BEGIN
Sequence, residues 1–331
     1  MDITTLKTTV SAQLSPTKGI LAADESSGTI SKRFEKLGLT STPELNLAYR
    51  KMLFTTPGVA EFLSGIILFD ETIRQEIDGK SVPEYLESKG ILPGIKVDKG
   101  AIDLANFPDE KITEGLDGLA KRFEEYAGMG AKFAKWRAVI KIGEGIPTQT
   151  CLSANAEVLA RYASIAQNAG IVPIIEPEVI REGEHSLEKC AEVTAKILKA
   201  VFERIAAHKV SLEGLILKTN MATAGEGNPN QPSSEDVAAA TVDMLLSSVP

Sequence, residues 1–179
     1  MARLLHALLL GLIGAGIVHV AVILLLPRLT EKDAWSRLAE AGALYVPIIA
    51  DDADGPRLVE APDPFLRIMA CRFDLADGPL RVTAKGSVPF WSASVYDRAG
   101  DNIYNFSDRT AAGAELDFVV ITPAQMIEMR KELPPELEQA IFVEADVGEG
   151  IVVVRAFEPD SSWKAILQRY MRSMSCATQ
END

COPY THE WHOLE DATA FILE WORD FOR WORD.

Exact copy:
Sequence, residues 1–331
     1  MDITTLKTTV SAQLSPTKGI LAADESSGTI SKRFEKLGLT STPELNLAYR
    51  KMLFTTPGVA EFLSGIILFD ETIRQEIDGK SVPEYLESKG ILPGIKVDKG
   101  AIDLANFPDE KITEGLDGLA KRFEEYAGMG AKFAKWRAVI KIGEGIPTQT
   151  CLSANAEVLA RYASIAQNAG IVPIIEPEVI REGEHSLEKC AEVTAKILKA
   201  VFERIAAHKV SLEGLILKTN MATAGEGNPN QPSSEDVAAA TVDMLLSSVP

Sequence, residues 1–179
     1  MARLLHALLL GLIGAGIVHV AVILLLPRLT EKDAWSRLAE AGALYVPIIA
    51  DDADGPRLVE APDPFLRIMA CRFDLADGPL RVTAKGSVPF WSASVYDRAG
   101  DNIYNFSDRT AAGAELDFVV ITPAQMIEMR KELPPELEQA IFVEADVGEG
   151  IVVVRAFEPD SSWKAILQRY MRSMSCATQ